Last night GIGABYTE had a fairly large Intel Developer Form (IDF) X99 motherboard overclocking and media gathering event that Legit Reviews was able to attend. The event had many big name overclockers at it that were given a fairly large amount of LN2, three boxes of Intel Core i7-5960X processors and all the Gigabyte X99 motherboard models they needed and they were told to have fun. There was no big cash prize or trophy to be won at the end of the night as this event was for fun and it gave a chance guys like Hi Cookie, Fugger and others to hang out and see what Haswell-E could do on Gigabyte X99 boards. Gigabyte was also hopeful that an overclocking record or two would be broken during the event, but that wasn’t the main point according to them.
When we were at the event we spotted that Hicookie was using the Gigabyte GA-X99-SOC Force LN2 motherboard, which hasn’t been announced just yet! Gigabyte has already released the Z97-SOC FORCE LN2 motherboard for socket LGA1150 processors, but this is a new board using the Intel X99 Express chipset that has been engineered specifically for the most hardcore overclockers that need a board that can handle LN2. Gigabyte has been trying to establish the brand as having the best overclocking boards on the market and they see this board being the one to beat.
We don’t know that much about the board, but we know that it is in production and slated to arrive sometime in October if things go as planned. Gigabyte didn’t have a specifications sheet, pricing or an exact launch date, so we basically just have a bunch of pictures to show you of the board.
Nothing important to note on the back of the board.
Gigabyte went with four PCI Express x16 slots and three PCI Express x1 slots on the X99-SOC Force.
The Gigabyte Z97X-SOC Force LN2 didn’t have an M.2 PCIe slot, but it appears that the X99-SOC Force LN2 has an M.2 slot that is rated at 20Gb/s.
Gigabyte OC Touch is present and you’ll find buttons for a range of hardware overclocking functions placed directly on the motherboard, making overclocking on the fly extremely fast and easy. The OC ignition button is still there on the far left, but there is only one set of dip switches, so we aren’t sure if they are for the PCIe slots or the quad-channel memory slots. On the Z97 version these are used to manually turn on or off each channel of installed memory DIMMs or the PCIe x16 slots on the board.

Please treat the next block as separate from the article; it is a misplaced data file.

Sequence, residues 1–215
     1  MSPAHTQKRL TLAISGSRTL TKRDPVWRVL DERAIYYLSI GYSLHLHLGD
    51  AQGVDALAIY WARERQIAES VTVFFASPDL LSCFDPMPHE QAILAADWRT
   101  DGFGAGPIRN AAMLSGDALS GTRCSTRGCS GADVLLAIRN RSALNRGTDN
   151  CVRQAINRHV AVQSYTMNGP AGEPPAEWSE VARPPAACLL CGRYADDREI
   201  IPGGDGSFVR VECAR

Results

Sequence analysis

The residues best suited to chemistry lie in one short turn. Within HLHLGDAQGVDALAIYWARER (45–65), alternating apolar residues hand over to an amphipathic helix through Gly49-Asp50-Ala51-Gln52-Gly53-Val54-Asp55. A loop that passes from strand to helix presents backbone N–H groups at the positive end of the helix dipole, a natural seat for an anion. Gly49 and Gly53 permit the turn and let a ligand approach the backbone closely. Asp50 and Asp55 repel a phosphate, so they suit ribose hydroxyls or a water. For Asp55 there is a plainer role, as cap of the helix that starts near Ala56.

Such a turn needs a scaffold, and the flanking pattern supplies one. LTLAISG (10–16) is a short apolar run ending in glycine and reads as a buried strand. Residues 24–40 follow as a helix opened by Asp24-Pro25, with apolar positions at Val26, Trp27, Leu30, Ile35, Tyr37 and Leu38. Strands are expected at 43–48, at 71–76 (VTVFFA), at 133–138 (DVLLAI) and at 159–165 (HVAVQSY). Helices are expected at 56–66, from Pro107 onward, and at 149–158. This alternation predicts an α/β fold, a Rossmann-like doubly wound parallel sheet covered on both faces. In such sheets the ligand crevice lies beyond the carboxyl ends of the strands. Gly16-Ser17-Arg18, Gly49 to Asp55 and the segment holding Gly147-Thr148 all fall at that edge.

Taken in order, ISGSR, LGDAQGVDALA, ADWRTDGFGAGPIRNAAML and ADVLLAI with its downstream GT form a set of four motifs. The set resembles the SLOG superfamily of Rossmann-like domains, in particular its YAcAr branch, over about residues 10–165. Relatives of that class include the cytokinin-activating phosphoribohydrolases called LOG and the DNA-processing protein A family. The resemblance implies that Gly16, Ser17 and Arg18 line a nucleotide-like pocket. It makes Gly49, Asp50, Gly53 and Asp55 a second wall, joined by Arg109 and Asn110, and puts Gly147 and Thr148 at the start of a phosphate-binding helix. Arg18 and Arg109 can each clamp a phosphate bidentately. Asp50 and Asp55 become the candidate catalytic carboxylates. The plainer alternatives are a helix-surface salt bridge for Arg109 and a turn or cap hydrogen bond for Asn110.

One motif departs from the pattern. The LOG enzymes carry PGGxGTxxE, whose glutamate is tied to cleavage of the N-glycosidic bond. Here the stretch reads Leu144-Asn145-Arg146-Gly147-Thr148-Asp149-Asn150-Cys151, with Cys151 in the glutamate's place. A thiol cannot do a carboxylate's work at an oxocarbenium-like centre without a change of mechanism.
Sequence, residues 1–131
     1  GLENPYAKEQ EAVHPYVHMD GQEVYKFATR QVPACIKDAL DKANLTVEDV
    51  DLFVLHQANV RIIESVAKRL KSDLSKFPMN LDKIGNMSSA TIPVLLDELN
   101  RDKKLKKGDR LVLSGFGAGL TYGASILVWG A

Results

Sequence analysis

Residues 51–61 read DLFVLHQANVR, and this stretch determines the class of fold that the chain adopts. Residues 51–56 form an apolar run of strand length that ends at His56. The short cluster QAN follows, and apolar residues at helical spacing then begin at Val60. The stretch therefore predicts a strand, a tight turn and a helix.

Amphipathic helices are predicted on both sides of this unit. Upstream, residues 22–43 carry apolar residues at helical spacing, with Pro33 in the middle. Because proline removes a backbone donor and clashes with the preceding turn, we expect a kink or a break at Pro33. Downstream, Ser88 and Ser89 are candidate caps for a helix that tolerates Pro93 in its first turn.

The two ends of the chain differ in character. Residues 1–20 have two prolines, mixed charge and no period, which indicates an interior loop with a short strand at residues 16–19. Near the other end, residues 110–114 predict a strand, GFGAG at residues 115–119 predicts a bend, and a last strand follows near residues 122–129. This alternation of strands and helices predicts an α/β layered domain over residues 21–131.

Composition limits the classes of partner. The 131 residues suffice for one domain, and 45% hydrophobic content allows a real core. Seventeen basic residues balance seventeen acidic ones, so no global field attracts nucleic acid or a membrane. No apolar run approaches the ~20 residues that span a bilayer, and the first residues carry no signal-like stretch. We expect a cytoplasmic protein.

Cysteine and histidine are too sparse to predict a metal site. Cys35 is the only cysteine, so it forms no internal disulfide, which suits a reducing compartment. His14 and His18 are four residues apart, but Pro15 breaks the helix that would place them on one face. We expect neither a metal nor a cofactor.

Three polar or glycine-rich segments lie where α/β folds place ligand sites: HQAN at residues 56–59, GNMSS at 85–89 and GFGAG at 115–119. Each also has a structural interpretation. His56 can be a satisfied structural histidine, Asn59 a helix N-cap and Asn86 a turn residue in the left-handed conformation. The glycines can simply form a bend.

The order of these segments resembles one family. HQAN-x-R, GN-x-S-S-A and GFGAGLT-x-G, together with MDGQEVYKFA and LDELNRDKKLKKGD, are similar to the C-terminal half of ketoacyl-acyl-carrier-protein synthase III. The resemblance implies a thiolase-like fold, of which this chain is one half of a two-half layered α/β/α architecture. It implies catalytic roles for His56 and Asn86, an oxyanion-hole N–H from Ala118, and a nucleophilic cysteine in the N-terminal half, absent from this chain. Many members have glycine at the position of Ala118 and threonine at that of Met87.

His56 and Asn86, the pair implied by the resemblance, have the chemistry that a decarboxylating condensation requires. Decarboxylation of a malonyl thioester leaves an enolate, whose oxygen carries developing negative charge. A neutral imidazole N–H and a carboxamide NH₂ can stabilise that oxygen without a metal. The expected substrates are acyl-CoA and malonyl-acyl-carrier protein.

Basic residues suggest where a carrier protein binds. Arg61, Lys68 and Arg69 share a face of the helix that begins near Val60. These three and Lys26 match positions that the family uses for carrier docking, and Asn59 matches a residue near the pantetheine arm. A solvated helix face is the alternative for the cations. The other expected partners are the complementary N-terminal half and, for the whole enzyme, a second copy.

Gigabyte said that they have improved the components that feed power to Intel Haswell-E processors and went with an 8-Phase VRM powered by an 8-Pin plus 4-Pin connector configuration in addition to the traditional 24-pin ATX power connector and the optional 6-pin PCIe video card connector for additional PCIe slot power.
The most interesting thing about the Gigabyte GA-X99-SOC Force LN2 motherboard is the special LGA2011-v3 socket that is being used. Gigabyte went with a special CPU socket on this board that has more pins than a traditional socket. Gigabyte said that this has been shown to improve overclocking and they are trying it out on this board due to the fact that it is aimed at breaking overclocking records.
This socket looks very similar to the patent-pending ASUS OC Socket that ASUS is using on all of their X99 motherboards. From what we gather Intel had a number of pins on the Haswell-E processors for R&D testing purposes that weren’t needed for normal operation. Intel did not fuse off or internally disable the pads on the processor, so companies like ASUS and Gigabyte are now doing some reverse engineering and enabling their functionality. When ASUS first announced the OC socket there was some discussion if it would void Intel’s processor warranties, but it looks like it does not. We do know that Intel is actively looking into what the OC socket does as they didn’t plan on motherboard makers to come out with boards that have enabled more pins than planned. Intel could possibly make some changes down the road if needed. (Intel could easily fuse off and disable the pads at the package level on future processor production runs and just simply end these special socket boards if they wanted to do so).
Foxconn makes various Intel LGA2011-v3 sockets and there are different pin arrangements that can be ordered. It appears that companies like ASUS and Gigabyte are sourcing ‘special’ sockets from Foxconn and then enabling some of those extra pins on the board level. Supposedly having the extra pins allows for better uncore clock adjustments, which improve the CPU cache frequency. Intel is looking into what ASUS and Gigabyte are doing as they didn’t plan on motherboard makers to come out with boards that have enabled more pins than planned.
Will ASUS be able to get their patent approved? Will Gigabyte be getting sued by ASUS for using such a socket? Is the socket on the Gigabyte board even functional? We have no clue and thankfully aren’t lawyers! The ASUS fans are likely thinking that Gigabyte ripped off the ASUS design and that they cannot come up with anything on their own. Others will be thinking that Intel designed the processor and that Foxconn made the socket, so how can you patent something you didn’t make in the first place. If Gigabyte changed the pin-count by one would it be breaking the patent? We’ll let the the higher powers figure it out, but now both ASUS and Gigabyte are using LGA2011-v3 sockets with more pins that Intel planned for.
Here is a shot of the socket on the Gigabyte GA-X99-Gaming 5 motherboard that has fewer pins on it.